That will not happen. Democrats exceeded their midterm expectations. If the current trend holds, Biden and the Democratic party will lose the House of Representatives by a very small margin and limit Republican gains. It will take some time to finish counting the ballots and finalizing the election results across the multiple races and longer still to fully analyze what exactly happened. But one thing is clear: this midterm election was historic.
The Winner of the Night: Democracy
The comedian Bill Maher famously said on his show last week that "democracy was on the ballot, and it's going to lose."
Based on two years of lies and conspiracy theories, the sheer number of election skeptics who were running for state and national office was astounding. Of the 370 across the nation, about half were elected to various seats in the House or Senate. However, several high-profile governor's races that would have a direct impact on the certification of election results in all-important swing states, was not so friendly to election deniers.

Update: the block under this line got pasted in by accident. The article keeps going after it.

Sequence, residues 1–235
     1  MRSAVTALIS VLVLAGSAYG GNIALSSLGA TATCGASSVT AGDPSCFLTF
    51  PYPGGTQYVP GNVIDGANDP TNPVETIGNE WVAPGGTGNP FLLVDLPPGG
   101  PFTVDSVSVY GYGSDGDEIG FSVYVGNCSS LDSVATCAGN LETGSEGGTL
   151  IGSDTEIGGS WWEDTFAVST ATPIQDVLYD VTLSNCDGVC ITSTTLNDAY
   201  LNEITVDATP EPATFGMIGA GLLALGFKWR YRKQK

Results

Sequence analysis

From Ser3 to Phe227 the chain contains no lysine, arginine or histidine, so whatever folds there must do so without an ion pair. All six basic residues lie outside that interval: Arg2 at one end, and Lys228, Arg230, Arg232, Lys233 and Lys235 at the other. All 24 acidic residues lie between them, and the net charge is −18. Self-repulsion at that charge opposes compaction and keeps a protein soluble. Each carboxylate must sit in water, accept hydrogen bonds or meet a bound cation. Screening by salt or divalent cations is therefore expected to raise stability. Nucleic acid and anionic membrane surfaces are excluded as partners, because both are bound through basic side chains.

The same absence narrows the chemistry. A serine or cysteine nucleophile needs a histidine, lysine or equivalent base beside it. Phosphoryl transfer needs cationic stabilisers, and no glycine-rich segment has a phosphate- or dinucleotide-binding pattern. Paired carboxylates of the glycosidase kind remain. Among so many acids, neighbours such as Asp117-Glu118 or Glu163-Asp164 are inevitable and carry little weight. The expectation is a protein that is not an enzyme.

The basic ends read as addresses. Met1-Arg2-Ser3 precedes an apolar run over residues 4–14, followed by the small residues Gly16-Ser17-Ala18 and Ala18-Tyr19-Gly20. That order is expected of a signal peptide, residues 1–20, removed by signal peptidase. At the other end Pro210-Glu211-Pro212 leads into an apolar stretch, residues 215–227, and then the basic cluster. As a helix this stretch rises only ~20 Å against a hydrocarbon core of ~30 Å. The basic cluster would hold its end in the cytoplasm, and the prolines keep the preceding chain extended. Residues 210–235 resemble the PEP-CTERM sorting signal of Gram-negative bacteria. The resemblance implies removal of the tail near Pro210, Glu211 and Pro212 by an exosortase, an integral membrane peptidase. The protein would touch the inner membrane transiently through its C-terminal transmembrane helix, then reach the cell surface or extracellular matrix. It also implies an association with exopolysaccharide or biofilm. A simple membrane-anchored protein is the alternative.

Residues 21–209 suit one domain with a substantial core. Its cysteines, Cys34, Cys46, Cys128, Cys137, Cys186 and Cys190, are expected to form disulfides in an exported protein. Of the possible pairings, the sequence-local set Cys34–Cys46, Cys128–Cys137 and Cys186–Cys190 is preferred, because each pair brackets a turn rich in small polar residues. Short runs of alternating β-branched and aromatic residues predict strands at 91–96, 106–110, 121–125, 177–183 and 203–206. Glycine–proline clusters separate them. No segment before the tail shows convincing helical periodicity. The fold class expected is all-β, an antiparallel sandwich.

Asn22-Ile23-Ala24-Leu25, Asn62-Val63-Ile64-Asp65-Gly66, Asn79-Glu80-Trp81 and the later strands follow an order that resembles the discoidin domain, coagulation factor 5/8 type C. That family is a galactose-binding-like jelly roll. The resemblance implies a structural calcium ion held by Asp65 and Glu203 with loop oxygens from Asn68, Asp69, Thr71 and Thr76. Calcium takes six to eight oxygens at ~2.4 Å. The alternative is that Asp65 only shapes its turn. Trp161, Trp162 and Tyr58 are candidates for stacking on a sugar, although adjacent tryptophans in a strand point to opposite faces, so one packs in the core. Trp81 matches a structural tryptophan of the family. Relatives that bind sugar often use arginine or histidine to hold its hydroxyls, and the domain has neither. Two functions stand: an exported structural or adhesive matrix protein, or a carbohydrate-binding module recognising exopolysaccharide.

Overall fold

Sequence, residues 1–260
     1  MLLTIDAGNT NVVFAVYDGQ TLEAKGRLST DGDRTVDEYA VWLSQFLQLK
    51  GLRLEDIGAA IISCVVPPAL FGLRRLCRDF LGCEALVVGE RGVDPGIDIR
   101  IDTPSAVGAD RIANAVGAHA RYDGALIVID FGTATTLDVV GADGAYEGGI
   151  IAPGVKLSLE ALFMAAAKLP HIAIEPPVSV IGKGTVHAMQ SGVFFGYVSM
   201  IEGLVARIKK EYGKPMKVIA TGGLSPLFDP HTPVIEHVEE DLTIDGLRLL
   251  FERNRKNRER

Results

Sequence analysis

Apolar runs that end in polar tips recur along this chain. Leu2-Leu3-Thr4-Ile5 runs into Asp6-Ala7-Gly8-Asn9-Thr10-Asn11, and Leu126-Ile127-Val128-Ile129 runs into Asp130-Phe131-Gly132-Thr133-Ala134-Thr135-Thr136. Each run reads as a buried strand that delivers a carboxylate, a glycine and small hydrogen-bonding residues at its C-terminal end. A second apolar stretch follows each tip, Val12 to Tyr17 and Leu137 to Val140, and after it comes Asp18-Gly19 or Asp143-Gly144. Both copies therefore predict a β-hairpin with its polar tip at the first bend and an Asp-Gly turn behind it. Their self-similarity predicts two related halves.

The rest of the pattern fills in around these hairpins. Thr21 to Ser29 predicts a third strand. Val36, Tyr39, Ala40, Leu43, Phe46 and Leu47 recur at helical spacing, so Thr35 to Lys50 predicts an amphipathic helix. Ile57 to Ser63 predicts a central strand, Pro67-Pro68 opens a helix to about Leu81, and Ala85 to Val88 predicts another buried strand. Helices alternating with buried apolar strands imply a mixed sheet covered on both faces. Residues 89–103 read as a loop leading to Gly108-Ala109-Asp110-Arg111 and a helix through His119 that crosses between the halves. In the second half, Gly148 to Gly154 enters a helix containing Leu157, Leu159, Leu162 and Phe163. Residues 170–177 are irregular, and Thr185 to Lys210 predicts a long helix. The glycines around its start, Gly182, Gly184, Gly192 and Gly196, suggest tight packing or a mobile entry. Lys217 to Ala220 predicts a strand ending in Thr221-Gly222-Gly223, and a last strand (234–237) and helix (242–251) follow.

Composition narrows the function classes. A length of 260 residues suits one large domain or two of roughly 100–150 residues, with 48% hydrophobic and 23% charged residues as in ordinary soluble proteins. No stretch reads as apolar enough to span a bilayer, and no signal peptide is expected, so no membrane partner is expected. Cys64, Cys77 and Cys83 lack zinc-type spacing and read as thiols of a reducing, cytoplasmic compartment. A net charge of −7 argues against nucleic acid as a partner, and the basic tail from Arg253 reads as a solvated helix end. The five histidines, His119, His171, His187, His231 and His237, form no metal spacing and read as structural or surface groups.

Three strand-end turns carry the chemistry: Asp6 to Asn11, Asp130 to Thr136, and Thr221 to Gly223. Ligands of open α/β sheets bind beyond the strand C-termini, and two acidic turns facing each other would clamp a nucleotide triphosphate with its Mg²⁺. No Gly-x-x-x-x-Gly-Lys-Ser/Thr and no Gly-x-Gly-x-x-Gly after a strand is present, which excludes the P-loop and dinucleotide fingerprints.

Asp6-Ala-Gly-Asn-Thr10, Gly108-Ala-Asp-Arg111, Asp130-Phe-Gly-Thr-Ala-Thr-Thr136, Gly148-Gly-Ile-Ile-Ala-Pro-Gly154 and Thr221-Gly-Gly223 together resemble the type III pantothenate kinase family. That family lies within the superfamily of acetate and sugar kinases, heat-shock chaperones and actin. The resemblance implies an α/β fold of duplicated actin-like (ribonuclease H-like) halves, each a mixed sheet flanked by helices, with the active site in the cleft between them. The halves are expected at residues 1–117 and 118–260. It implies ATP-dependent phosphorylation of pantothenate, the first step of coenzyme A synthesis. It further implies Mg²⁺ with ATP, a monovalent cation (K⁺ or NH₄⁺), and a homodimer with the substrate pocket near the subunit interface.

Doug Mastriano in Pennsylvania, Lee Zeldin in New York, Tudor Dixon in Michigan, and Tim Michels in Wisconsin were all defeated. And if Kari Lake loses in Arizona, it will be a huge blow to candidates who embraced election denialism as a central part of their campaign. Misinformation and doubt about the 2020 election did prove a winning strategy for many Republicans so election skepticism will remain an ongoing threat going into 2024. But the electorate was decisive: they want their votes to matter beyond this election, and that's a victory for all of us.
Read my article on the greatest threat to American democracy.
Lisa Lerer, the national political correspondent for the New York Times, writes "So America leaves these midterms much as it entered: a fiercely divided country that remains anchored in a narrow range of the political spectrum, unhappy enough with President Biden to embrace divided government but unwilling to turn fully to the divisive, grievance-driven politics promoted by former President Trump."